Last month, Theo a friend from my department posted a hilariously horrifying story on MySpace. It was about the dangers of being single in this world of post singularity, where singleness has developed its own essence is no longer the state of not yet being with someone, but something in and of itself something to be explored. What comes from this is interesting forms of fetishizing dating techniques, norms, pick up lines and moves. When these fetishized forms mix with alcohol the results are often brain numbing, as Theo found out when he was forced into situation where he was berated for the poorness of his moves and offered help with them at the same time through drunken social role-playing with some random chick he met at a party.
As Theo is part of the theory student bloc of power in my department the first thing that came to mind after reading of his exploits in the realm of getting hot girls to lecture you while they are bleeding vodka from their eyeballs, was of course "did Immanuel Kant ever date?" And the trailing follow up thought would of course be, "what would Hegel say if he were told by a girl that "you need to work on your moves if you want to get hot girls like me"?"
Their answers, while possibly being in German might have something to do with the distinction between singularity (the state of being single) and copolarity (the state of being in a relationship), and how in order to escape the chaos that is singularity (where we incessently question ourselves, "this is what single people do right?") we must submit to the order and rationality of social norms and thus become national couple subjects, who only deal with those questions of copolarity, not in hysterical single people fashion, but instead in drugding already known and accepted Kantian moralistic ways ("fucking categorial imperative, shit, but this is what people in relationships are supposed to do right? Dammit, of course I know its right. Stupid Kant.")
This helps us answer the question which has puzzled at least two or three scholars for centuries, and that is why Kant spent most of his life indoors despite the absence of internet, cable and easily accesible pornography. If Kant had left the house more often, then instead of being an academic or a hermit he would have been considered a single man, and to him no doubt, singularity would be just like the state of nature, no rules, and we know how much Kant loved his rules.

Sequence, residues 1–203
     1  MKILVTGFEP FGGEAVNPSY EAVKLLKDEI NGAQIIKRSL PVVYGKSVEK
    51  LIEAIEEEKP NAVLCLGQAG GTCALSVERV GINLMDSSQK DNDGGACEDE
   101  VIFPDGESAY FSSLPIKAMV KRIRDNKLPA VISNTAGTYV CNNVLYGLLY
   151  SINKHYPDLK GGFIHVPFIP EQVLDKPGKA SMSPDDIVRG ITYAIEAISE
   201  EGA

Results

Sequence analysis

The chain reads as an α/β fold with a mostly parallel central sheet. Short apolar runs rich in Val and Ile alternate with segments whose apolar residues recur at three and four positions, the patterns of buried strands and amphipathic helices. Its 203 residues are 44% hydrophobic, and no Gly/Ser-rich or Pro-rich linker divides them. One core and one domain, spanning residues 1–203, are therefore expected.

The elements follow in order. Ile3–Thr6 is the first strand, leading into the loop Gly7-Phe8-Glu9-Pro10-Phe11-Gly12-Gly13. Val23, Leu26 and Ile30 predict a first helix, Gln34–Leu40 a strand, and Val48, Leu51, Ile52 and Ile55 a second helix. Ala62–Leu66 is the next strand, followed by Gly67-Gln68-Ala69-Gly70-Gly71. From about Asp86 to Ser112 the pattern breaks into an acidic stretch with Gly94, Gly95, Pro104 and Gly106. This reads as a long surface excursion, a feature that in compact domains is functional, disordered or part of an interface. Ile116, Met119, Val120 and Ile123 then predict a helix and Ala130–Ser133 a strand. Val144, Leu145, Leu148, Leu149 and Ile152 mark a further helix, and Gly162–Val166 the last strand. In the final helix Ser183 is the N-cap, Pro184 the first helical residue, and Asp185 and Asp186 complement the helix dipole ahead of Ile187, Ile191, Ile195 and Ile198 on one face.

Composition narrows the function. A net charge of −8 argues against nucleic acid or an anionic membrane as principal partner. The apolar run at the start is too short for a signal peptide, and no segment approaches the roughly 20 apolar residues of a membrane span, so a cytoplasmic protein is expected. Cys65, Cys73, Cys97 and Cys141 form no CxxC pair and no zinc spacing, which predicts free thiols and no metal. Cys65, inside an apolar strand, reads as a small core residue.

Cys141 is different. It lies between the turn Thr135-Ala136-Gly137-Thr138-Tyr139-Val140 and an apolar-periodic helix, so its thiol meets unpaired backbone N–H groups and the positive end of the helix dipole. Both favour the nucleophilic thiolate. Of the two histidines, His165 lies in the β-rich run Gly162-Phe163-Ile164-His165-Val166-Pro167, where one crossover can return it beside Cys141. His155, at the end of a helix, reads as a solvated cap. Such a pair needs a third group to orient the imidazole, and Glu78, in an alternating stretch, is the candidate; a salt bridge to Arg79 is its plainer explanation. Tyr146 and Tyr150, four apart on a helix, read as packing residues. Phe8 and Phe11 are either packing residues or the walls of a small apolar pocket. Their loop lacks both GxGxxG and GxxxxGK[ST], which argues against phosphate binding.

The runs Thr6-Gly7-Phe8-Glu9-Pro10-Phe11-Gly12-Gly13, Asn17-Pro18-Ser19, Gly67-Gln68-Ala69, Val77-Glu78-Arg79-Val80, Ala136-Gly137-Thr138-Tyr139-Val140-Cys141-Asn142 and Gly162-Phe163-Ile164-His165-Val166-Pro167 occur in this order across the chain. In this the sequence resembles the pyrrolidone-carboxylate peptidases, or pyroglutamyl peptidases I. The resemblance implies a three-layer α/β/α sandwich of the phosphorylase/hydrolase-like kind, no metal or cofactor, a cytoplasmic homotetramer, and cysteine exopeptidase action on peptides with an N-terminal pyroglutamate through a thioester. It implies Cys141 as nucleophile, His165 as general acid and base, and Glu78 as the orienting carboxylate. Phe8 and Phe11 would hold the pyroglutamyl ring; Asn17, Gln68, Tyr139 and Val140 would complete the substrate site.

But what would a base Kantian approach to dating be anyways? Say for example, the book The Rules was written by a Kantian who was trying to impart Kant's beautiful beliefs on morality and law to the general public in an attempt to make dating more modern, moral and free. Can you imagine trying to date and pick up people, using the categorical imperative as your pick up line?
"Dude, are you ready to try for her number?"
"Wait dude I'm just going over my lines. Lemme see. Complement a woman on her hair only if I can will that complement to be universal."
"Shit, you can't do that then."
"Why not? I can compliment anyone on their hair."
"But what about bald people? Or cancer patients?"
"Well I just said hair, it doesn't mean just on their heads...."
This is why the claim that Kant is a strict moralist philosopher makes little sense to me, his philosophies of morality (like just about everything else) eventually turn into dialogue from The Naked Gun movies.